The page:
A Tale Of Revenge, Magic And Nuance, All 'Woven In Moonlight'Isabel Ibañez's debut novel blends fiber art magic and Bolivian-inspired fantasy, for a story that seems at first to be about revenge — but blossoms into something more complex and surprising.
Fiber art magic brings Bolivian-inspired fantasy to life in Isabel Ibañez's debut novel, Woven in Moonlight.
Ximena has spent most of her life as a decoy for the Condesa, the rightful but deposed queen of Inkasisa. They live in exile with their fellow Illustrians, forced to flee when a usurper king used the magic of a dark relic to drive them out of their homes and make way for his own people, the Llascans. After years of pretending to be the Condesa and taking the brunt of her people's frustration and anger, Ximena hardly knows who she really is anymore. Her one solace is her magic — her ability to weave moonlight into beautiful tapestries.
When the usurper king sends an order that the Condesa must marry him or else face the final destruction of her people, Ximena has no choice but to return to the home she fled and offer herself to the king in the Condesa's place, never letting on that the real Condesa is still safely hidden away. But getting close to the king has its benefits. It brings Ximena closer to the relic that allowed the king to defeat the Illustrians. If she can find it, perhaps she can use it to crush him and return the real Condesa to her rightful place.
But the longer Ximena spends among the Llascans, the more she begins to question the central truth upon which everything she believes is based: Illustrians are good and deserve to return to their place of power in Inkasisa and Llascans are bad and deserve to be crushed for their insolence. Is it as simple as right and wrong? What if the Llascans had very understandable reasons for rebelling? That would change everything.
Woven in Moonlight — appropriately — weaves a beautiful spell that takes culturally specific details and spins them into an engaging fantasy world. There is nothing generic about the land of Inkasisa. Everything from its clothing and fashions to its smells and foods to its plants and animals feels knowingly rendered. Especially the food. This is one of those fantasy novels that will make the reader hungry (I literally had to go buy a snack while I was reading it), but instead of that generic fantasy fare, stew and bread, Woven in Moonlight feasts upon Pasankalla, Marraqueta, and Salteñas. My favourite touch may be the glossary of food terms at the end of the book, where each dish is lovingly described.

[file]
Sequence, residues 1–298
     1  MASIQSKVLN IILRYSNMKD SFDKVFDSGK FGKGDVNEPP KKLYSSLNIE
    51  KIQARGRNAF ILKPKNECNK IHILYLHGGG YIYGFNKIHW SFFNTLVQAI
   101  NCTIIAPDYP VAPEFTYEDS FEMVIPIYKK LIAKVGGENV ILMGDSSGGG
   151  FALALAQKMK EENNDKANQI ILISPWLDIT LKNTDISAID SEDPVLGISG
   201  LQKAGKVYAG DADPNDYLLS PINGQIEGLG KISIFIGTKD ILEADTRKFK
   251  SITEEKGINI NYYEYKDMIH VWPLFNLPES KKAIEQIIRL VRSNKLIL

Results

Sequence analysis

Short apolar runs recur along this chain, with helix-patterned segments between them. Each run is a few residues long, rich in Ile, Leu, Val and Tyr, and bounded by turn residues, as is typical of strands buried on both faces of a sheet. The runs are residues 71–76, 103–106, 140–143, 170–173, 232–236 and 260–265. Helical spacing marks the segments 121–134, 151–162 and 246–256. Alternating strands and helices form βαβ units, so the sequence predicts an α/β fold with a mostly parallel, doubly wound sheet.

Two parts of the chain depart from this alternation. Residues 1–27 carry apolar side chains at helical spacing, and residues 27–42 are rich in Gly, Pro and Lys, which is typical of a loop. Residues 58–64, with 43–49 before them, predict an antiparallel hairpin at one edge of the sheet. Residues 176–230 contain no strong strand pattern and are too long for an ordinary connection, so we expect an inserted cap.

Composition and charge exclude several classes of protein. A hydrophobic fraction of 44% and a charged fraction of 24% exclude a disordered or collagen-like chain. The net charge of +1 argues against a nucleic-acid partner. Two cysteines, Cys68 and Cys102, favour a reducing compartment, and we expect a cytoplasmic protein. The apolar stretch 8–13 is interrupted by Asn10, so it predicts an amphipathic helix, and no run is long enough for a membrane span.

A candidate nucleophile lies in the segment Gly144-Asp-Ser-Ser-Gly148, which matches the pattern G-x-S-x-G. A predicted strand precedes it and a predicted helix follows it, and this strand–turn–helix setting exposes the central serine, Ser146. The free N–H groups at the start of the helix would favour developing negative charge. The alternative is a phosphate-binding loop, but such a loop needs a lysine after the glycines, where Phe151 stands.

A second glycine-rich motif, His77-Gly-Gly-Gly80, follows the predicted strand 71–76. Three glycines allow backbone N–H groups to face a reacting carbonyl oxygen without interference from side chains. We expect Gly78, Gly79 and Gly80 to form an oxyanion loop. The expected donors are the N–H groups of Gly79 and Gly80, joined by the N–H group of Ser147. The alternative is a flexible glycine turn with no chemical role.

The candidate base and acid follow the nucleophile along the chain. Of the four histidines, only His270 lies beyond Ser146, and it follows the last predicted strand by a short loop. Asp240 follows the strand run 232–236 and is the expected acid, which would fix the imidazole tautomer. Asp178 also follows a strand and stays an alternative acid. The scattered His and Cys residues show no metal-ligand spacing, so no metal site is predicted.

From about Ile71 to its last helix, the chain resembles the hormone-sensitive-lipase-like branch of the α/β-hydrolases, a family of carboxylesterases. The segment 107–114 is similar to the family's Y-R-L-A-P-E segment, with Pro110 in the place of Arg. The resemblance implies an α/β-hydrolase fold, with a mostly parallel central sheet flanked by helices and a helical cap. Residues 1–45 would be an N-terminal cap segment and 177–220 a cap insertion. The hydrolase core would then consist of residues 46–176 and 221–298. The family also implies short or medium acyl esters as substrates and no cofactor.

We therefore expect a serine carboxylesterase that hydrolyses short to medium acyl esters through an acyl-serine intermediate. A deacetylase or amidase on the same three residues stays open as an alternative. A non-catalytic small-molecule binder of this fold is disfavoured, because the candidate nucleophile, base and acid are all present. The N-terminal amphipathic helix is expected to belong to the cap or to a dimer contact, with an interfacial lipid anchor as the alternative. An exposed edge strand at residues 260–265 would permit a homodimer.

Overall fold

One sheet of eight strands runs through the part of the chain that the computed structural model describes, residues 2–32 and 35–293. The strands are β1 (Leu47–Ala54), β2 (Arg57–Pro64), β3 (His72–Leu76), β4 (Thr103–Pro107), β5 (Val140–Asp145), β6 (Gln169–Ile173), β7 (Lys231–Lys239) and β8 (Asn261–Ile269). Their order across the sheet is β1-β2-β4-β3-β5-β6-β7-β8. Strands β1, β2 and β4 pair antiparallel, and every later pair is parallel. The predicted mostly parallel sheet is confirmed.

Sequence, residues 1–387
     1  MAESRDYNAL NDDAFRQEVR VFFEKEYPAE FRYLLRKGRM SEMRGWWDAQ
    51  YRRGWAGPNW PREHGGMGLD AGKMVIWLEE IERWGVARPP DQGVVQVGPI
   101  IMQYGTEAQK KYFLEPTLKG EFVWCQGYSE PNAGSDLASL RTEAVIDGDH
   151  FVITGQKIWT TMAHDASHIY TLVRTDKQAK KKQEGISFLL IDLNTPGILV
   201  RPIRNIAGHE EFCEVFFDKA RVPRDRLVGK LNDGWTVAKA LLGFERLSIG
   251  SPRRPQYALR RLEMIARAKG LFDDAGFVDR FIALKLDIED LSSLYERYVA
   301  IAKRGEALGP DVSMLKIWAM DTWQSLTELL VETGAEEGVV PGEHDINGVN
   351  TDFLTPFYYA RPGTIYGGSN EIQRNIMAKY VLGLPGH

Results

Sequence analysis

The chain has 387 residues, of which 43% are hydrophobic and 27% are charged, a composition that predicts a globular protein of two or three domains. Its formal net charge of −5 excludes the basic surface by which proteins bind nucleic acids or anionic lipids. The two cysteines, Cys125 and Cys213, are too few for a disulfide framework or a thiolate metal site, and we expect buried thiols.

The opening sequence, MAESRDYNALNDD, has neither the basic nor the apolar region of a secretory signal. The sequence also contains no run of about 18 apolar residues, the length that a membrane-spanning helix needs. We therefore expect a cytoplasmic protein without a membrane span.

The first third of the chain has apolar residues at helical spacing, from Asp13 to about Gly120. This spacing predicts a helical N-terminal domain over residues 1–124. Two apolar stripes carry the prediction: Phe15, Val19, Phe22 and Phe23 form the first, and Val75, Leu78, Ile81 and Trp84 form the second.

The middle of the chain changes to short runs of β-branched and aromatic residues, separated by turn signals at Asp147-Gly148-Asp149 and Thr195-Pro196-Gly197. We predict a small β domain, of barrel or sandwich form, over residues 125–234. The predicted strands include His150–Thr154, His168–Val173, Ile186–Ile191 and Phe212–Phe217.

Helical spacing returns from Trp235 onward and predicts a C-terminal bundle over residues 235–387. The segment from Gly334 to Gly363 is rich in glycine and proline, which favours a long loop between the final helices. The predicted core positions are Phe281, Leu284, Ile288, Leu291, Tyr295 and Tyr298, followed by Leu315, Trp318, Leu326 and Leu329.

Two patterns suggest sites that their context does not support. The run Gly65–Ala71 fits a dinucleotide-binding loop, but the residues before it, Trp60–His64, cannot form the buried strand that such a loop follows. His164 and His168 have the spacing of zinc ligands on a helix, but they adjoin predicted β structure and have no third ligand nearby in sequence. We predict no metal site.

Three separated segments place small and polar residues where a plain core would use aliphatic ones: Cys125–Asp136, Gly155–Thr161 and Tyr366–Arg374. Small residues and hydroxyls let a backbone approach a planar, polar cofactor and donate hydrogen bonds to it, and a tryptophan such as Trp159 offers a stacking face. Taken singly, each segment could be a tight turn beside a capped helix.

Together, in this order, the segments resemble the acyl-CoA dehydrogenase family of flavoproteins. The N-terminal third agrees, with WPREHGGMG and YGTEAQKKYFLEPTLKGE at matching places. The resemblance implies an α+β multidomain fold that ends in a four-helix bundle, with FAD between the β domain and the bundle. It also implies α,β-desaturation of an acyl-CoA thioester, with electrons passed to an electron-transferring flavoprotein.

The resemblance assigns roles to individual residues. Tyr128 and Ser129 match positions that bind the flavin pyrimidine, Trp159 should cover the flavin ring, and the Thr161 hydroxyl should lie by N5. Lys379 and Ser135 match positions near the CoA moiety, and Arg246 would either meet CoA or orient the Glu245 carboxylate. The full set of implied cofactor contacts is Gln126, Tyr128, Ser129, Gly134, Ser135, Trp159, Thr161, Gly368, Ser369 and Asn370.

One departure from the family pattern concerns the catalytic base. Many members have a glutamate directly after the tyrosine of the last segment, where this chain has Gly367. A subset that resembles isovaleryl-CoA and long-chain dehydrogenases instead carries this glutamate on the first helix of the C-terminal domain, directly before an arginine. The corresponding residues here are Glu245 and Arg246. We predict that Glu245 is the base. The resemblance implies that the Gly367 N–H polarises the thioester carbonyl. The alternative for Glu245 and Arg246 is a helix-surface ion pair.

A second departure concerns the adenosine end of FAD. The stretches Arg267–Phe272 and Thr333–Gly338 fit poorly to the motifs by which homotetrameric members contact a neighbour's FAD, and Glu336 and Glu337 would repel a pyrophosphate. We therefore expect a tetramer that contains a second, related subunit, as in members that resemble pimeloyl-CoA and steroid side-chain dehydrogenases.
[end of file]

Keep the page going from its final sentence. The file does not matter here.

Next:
In general, the domestic holds power in this world. Two of the most powerful characters in the story use weaving as a means to practice magic, and little details like the colors of dyed wool end up having major consequences. Ximena knows how to fight and does it bravely, but her true strength lies in a gentler art and the way she uses it to close the gap between two cultures. And she's not the only one — many characters in the story turn out to be more nuanced than they first seem, from princesses to masked bandits.
Speaking of masked bandits, we get a very charming addition to the pantheon in El Lobo, a rebel intent on harassing the Llascan court at every opportunity. While the eventual reveal of his true identity won't come as a shock, the bravado of his persona is charming enough to make up for the lack of credible subterfuge. The Llascan princess is also an intriguing character who connects with Ximena over their shared love of weaving. While she's pivotal to the story, she doesn't get a lot of scenes, and I wish that the book offered us a little more of her, especially given the role that she plays as Ximena's worldview begins to shift.
Nuance is something that Woven in Moonlight seems to care about very deeply. What beings as a clear-cut tale of a girl seeking revenge and restoration for a generation of wrongs soon blossoms into something much more quicksilver and subtle. Little moments make the reader stop and wonder if the narrative we've been given is reliable, even as Ximena begins to ask the same question. Bolivia, which is the inspiration for Inkasisa, has a complex history of conquest, colonization, oppression, rebellion, and corruption. That history, like all the charming cultural details, is fully and honestly represented in the tapestry that is Woven in Moonlight.
Caitlyn Paxson is a writer and performer. She is a regular reviewer for NPR Books andQuill & Quire.